Over at John Loftus’ Website Debunking Christianity, contributor Harry McCall has put up a short post entitled, The Theology of a God as an Intelligent Designer Exploded! (11 June 2013). He writes:
Christian apologists claim that the detail of the universe proves the creation of a master designer: God. However, as you can plainly see in this video, a man made dumb frequency generator can create many different detailed intricate designs. Enjoy!
On his post, he has embedded a Youtube video of the Chladni plate experiment. It’s only about three=and-a-half minutes long, but I can guarantee it will leave you spellbound.
What I found funny when I saw McCall’s post recently was that the same video was also posted on the Catholic Website New Advent, under the caption, Amazing resonance experiment reveals the beauty hidden in the design of the universe (June 14, 2013). Evidently two people watched the same video and drew diametrically opposite conclusions.
In this short post of mine, I’d like to explain why the Chladni plate experiment poses no threat to Intelligent Design. Here’s why, in a nutshell:
Intelligent design is the search for patterns in Nature which are best explained as the product of intelligent agency. However, intelligent design cannot be inferred from order; it can only be inferred from specified complexity. Order and complexity are two very different things.
Dr. Stephen Meyer provides an excellent illustration of the concepts of order, mere complexity and specified complexity in his book, Signature in the Cell (Harper One, 2009, p. 107, Figure 4.8). Dr. Meyer begins with the repeating pattern “ABCABCABC”. This is an example of order. Crystals are striking examples of this phenomenon. It’s perfectly regular, and in its own way, beautiful. But it isn’t complex. A short algorithm or set of commands can easily generate the pattern. In other words, the pattern is compressible. We can re-write it as “ABC” x 3.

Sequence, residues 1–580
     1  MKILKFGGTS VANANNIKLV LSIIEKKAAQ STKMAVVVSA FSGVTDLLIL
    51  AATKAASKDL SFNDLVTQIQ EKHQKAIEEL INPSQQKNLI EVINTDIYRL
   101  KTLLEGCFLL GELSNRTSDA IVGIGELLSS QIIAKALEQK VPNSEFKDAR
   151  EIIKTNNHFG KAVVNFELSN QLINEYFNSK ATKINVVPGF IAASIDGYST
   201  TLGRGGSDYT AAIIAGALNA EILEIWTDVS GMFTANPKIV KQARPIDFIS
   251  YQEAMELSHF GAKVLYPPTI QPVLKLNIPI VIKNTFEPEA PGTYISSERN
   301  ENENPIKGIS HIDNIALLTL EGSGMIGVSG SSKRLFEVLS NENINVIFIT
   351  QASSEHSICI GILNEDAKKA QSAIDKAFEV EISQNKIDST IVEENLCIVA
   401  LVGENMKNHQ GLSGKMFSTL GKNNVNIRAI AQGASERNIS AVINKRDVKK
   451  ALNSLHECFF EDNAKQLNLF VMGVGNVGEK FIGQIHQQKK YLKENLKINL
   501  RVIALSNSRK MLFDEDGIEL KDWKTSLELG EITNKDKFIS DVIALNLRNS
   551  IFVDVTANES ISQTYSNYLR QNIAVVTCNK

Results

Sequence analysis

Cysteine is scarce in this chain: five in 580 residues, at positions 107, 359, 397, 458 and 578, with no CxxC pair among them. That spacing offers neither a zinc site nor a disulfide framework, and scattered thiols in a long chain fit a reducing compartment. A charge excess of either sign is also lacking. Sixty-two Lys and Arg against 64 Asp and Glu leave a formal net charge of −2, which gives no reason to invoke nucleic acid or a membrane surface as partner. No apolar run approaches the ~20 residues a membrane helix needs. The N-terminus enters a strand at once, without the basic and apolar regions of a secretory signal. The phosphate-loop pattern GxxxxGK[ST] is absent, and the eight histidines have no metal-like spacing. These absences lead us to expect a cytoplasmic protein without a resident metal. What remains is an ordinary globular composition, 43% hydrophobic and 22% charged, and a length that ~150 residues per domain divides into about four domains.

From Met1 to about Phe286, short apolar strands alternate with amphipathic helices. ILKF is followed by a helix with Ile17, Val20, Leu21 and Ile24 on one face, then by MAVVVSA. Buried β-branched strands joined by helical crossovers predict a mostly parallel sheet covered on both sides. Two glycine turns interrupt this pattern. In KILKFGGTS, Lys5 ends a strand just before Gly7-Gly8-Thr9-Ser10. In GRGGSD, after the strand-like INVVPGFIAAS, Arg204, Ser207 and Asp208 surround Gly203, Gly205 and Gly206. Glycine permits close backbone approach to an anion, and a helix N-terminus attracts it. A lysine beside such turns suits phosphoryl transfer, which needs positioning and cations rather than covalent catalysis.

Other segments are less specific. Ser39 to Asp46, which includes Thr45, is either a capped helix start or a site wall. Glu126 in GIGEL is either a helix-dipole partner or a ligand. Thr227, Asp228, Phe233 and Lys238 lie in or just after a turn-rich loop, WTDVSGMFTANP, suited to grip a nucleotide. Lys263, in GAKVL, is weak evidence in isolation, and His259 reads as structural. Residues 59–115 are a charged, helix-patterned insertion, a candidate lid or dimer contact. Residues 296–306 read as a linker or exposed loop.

Next, Dr. Meyer considers an irregular pattern such as “ALXNTZXBCT”. This is an example of complexity, because the information it contains is incompressible: that is, it can’t be compressed into a shorter pattern by a general law or computer algorithm. But the random sequence of letters in the string lacks specificity. There’s no description of this sequence that makes it “stand out” from other irregular sequences of the same length, such as “QJDUFCOTFR”. For that reason, Meyer refers to this kind of complexity as “mere complexity”: it’s complex, and that’s all it is. Random polymers exhibit this kind of complexity.
Finally, Meyer examines the pattern “TIME AND TIDE WAIT FOR NO MAN”. This pattern can’t be compressed into a repeating sequence of letters, like “ABCABCABC”, so it isn’t ordered (i.e. regular); instead, it’s highly complex, like the pattern “ALXNTZXBCT”. But unlike that pattern, it’s also highly specific. It’s an English proverb with a particular meaning: nothing can stop the march of time. As such, it “stands out” in a very dramatic fashion from other sequences of letters of the same length. Very few other letter sequences of that length embody precisely the same meaning; and the vast majority of sequences contain no meaning at all. Because this pattern exhibits both specificity and complexity, Meyer refers to it as an example of specified complexity.
Of course, living things don’t embody a semantic meaning, like proverbs do. But they do contain DNA and proteins which perform very specific functions. For that reason, we can say that DNA and proteins exhibit specified complexity. Scientists know that even very slight changes in the sequence of units comprising these molecules will render them utterly incapable of performing any biological functions at all, as they won’t fold up properly. In other words, they’re highly specific. Additionally, the units are arranged in a non-repeating, incompressible sequence, unlike that found in a crystal. Here’s the amino acid sequence for the human version of the protein myoglobin, for instance:
MGLSDGEWQL VLNVWGKVEA DIPGHGQEVL IRLFKGHPET LEKFDKFKHL KSEDEMKASE
DLKKHGATVL TALGGILKKK GHHEAEIKPL AQSHATKHKI PVKYLEFISE CIIQVLQSKH
PGDFGADAQG AMNKALELFR KDMASNYKEL GFQG
A representation of the 3D structure of the protein myoglobin showing turquoise alpha helices. Image courtesy of Wikipedia.
Instead of exhibiting a regular order, such as we might find in a salt crystal, proteins are very complex.